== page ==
Smaller amounts of cannabis raise the serotonin levels. Higher amounts of cannabis will suppress serotonin. Serotonin is a major neurotransmitter contributing to feelings of happiness and well-being, keeping the gastrointestinal tract running smoothly, regulating mood, appetite and sleep. It has functions with memory and learning and is a growth factor for some cells, possibly having a major part in wound healing.

You can appreciate how valuable it'd be to get the dosing levels worked out, just in this one case.

Cannabis works with your Endocannabinoid system in a way that allows your body to interact with it in a non-toxic way. Cannabis won't kill you or destroy one body system while you're trying to heal another, unlike many pharmaceuticals. It's a frightening thought that the number one cause of death in the U.S. is complications from prescription drugs. Cannabis offers us a better, safer option.

One last point here: full plant extracts will be more effective if they contain the range of components found in the plant. All of the components work together in synergy. The production of CCO is a frequent exception, since the heat used in the processing of CCO destroys the terpenes and flavonoids, very big power players in the synergistic entourage effect.

I've just been informed that big companies with deep pockets have developed expensive techniques that preserve the many components of cannabis in the oil. We don't have that luxury out here in the trenches, but if you have access to such an oil and can afford it, go for it.
Let's look at some delivery systems for cannabis.

* This is the classical method, the one almost everyone's familiar with.

* Options include:
-plant material (leaves and buds)
- concentrates
- keif
- hash
- waxes

* Contrary to popular thought cannabis has no connection to lung cancer, and has been shown to be mildly protective against lung cancer.

* Smoking can irritate the bronchial system, causing coughing and inflammation.

Smoking takes effect within 3-5 minutes and peaks in effectiveness in about 60 minutes, lasting for 2-4 hours. The cannabinoids pass through the lungs, right into the bloodstream.

Water pipes are a recommended method of smoking. The water will cool the smoke, even as it mitigates some of the effects of the smoke. Joints aren't recommended. You get too low a dose with a joint (see below) and you won't control the dose with a joint. You'll keep smoking it to keep from wasting it. Save your joints for recreational purposes.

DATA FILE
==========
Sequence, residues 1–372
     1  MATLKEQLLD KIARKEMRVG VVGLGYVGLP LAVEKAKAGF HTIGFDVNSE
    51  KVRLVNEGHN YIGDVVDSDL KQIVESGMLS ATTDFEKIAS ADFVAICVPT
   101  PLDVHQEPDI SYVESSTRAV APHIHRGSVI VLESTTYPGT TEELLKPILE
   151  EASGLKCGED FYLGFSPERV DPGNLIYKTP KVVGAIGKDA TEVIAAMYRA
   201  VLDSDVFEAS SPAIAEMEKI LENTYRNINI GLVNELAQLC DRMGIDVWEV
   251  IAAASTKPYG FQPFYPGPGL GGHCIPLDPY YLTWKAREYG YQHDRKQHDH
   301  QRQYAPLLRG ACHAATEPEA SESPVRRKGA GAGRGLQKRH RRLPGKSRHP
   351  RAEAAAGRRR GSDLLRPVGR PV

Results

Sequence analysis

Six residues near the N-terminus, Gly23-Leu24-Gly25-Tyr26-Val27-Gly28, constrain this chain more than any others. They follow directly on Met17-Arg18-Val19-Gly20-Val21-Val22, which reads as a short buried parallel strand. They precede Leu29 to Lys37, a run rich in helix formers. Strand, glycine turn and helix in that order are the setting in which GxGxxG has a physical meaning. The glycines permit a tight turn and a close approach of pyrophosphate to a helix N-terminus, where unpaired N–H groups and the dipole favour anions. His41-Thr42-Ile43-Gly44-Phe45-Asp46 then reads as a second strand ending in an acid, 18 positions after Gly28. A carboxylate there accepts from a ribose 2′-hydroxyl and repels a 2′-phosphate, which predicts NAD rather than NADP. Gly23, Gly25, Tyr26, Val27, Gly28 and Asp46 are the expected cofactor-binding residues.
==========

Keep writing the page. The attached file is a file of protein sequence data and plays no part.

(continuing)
* The average joint has between 0.5 - 1.0 grams of cannabis.

* 1 gram of cannabis has approximately 100-200mg of cannabinoids (10-20%)

* The maximum THC absorbed by a patient smoking a 1 gram joint with 10% cannabinoids is only 16.3 mg. To begin with, you lose a lot to side stream smoke. The rest of the loss is in diminished bioavailability.

* A daily dose level can be between 1-12 grams.

* Frequency of dosing is between 1-6 times daily.

* Effects last 2-4 hours.

* Smoking is the most common delivery system used, and the one most people are familiar with.
* There's a rapid onset. (3 - 5 minutes).
* No preparation is needed, so it's very convienient.
* Easily portable.
* Simple to do.
* You can pick and choose the strain for the moment and use it to effect.
* This is the least expensive delivery method, due to low equipment cost.

* Smoke is involved. Smoke has some negative side effects, primary bronchial irritation and coughing.
* The effects usually fade within 2-4 hours, not long enough to carry you through the night. This is a short-acting method.
* This delivery system is not recommended for rapid mood cycling.


A vaporizer heats the plant material to a specified temperature below the point of combustion, between 180-200 degrees Celsius (356-392 degrees Fahrenheit). This releases the resin in the trichomes in a cloud of vapor. There's no smoke.

*This is the recommended delivery system for persons with respiratory disease.

* Concentrates vaporized in pens are partial plant extracts that usually lack the full entourage effect, since the terpenes are so easily destroyed in the processing.

* A study of the Volcano vaporizer showed 36-61% THC in the sample, so vaporizing offers about the same level of available cannabinoids that you get with smoking.